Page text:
By Alleen Brown
By Maggie LaMaack
By CP Staff
By Jesse Marx
By Jesse Marx
By Maggie LaMaack
By Jake Rossen
Minnesota's welcome was frosty in other ways, too. Thao's family was part of the first wave of Hmong immigrants to the state, and, with wounds from the Vietnam War still raw, the racism they faced was both virulent and omnipresent. Thao remembers his school days as being punctuated by playground fistfights: "One: We looked different. Two: We were poor. Three: We didn't speak English. So you had two choices: You could take it, or you could fight back. Every now and then, I'd fight back."
Thao's paintings reflect this painful adjustment. In one, a Minneapolis housing project is represented as a lawless free-fire zone, with gangsters shooting it out in the streets and anti-Hmong graffiti defacing parked cars.
Thao's description of his childhood follows the outline of a classic, first-generation immigrant narrative. At home, he was a dutiful son helping to raise his younger brothers; at school, he was a scrapper and an Eagle Scout. But Thao wasn't the only one making a hard transition. Thao's father, once a governor in Laos, took two jobs, working on an assembly line during the day and as a library janitor at night. Thao and his brothers would often pitch in to help with the latter. That his father was able to swallow his pride and do what was needed to support his family made a profound impression on Thao. Many other Hmong leaders and veterans found such work too much of an indignity to bear.
"As a young guy, my dad and I talked a lot about issues important to the community," says Thao. "I understood the importance of public service from him--that sense of responsibility to the community around you."
At the University of Minnesota in Morris, Thao studied political science. But, after an internship at the state Capitol left him somewhat soured on politics, he began taking art classes as well. After graduating, he worked with a variety of community arts organizations, including the Hmong theater group Pom Siab Hmoob. Thao started with the troupe as a scenic designer, but eventually found himself acting in productions as well. It was while on tour with Pom Siab Hmoob that Thao met his wife.
Thao likes to say that politics drove him to art, and art drove him back to politics. He already had experience as a fundraiser for Pom Siab Hmoob. Running for public office, he reasoned, would be a kind of trial run, a way to engage the community in the political process. During his first bid, in 2000, Thao achieved limited local celebrity with his homemade "Cy the Cleaner" television spots, in which he chased prostitutes down University Avenue while waving a broom. "You have to create something crazy to catch people's attention," he says with a slightly sheepish grin.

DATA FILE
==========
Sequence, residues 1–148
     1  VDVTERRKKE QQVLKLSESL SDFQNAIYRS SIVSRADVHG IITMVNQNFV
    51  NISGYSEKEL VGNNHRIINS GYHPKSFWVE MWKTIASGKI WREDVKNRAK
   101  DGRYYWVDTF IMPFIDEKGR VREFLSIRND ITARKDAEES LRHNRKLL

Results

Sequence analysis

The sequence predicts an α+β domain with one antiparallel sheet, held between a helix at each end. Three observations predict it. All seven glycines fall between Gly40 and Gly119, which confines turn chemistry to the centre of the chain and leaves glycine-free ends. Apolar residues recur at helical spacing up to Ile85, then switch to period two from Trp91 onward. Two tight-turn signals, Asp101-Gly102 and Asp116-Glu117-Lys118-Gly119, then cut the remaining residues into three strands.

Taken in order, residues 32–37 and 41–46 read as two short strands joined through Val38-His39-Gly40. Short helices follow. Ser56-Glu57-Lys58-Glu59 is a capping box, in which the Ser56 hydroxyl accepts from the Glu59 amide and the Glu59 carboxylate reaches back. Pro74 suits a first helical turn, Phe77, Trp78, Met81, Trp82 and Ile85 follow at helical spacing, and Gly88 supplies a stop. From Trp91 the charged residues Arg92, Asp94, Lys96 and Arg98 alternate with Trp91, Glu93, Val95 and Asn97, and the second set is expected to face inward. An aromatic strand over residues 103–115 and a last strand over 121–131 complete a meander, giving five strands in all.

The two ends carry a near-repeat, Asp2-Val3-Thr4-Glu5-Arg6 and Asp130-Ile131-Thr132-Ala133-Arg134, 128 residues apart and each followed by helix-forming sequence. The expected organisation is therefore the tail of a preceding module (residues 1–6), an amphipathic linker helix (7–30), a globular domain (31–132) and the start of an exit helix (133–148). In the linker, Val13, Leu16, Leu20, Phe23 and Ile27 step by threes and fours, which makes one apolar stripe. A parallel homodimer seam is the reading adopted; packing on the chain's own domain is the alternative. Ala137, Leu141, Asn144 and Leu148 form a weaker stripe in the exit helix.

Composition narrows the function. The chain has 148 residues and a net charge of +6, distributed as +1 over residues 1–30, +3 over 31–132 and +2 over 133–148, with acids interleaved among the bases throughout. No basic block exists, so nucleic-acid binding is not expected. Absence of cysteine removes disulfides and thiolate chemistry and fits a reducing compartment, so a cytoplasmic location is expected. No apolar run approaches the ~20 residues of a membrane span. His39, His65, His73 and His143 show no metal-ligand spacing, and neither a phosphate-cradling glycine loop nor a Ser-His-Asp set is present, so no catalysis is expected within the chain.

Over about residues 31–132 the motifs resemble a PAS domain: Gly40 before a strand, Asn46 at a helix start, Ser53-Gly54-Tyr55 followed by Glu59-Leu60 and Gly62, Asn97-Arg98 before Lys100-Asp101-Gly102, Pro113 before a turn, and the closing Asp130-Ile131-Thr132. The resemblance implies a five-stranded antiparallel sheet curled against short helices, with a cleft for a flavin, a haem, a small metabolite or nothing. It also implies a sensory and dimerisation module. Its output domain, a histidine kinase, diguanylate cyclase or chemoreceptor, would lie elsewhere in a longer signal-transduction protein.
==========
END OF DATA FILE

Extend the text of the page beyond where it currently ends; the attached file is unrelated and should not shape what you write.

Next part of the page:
Thao lost that first election, though by a closer margin than anyone had expected. Two years later, he ran again and won, becoming only the second Hmong politician to take a seat in an American legislature.
While still in college, Thao happened across Tragic Mountains, journalist Jane Hamilton-Merritt's account of the Hmong genocide. He was affected, in particular, by one of the book's illustrations, a sketch of Pathet Lao soldiers raping and decapitating Hmong villagers. This unspeakably brutal scene is actually eyewitness testimony, described by an illiterate Hmong survivor of the massacre. Printed neatly beneath the tableaux of torture and murder are the names of the victims.
The drawing immediately reminded Thao of a Hmong story quilt. It was in the refugee camps that Hmong women first began stitching images of the war, he explains. Traditionally, paj ntaub embroidery had been decorative, a vocabulary of colorful geometric patterns woven into Hmong clothing. After the exodus from Laos, Hmong women, having no language in which to write what they'd seen, used the old art of the "flowering cloth" to record their recent history.
At first, they were encouraged to sew scenes from the war as a kind of therapy; later, when those images proved too gruesome for the Western aid workers who bought the tapestries, the women turned instead to producing pastoral scenes of village life. "They think, 'What can I do to sell?'" Thao says. "In the camps there's no other way to get money, so they just do what they have to to survive."
Thao's first paintings were heavily influenced by these quilts. One, a scene of Communist soldiers burning a village and murdering Hmong children, even borrows elements from the drawings in Tragic Mountains. Though Thao's family left Laos relatively early, before the worst of the atrocities, he was able to reconstruct key events both from his own memories and from those of the survivors he interviewed. What emerges in "The Hmong Migration" is a collective memory of the war.
Although Thao began by painting scenes from the conflict--the Gordian knot that binds the Hmong diaspora--his ambition eventually widened. "I started off with the stuff about the war in Laos, but as I tell one piece of the story, I feel the need for two more pieces to connect with it. It's like a puzzle."
In 1996, Thao spent five months in China studying Hmong history and folklore. Then, in 2000, he received a Bush Artist Fellowship that allowed him to spend a year working exclusively on his magnum opus.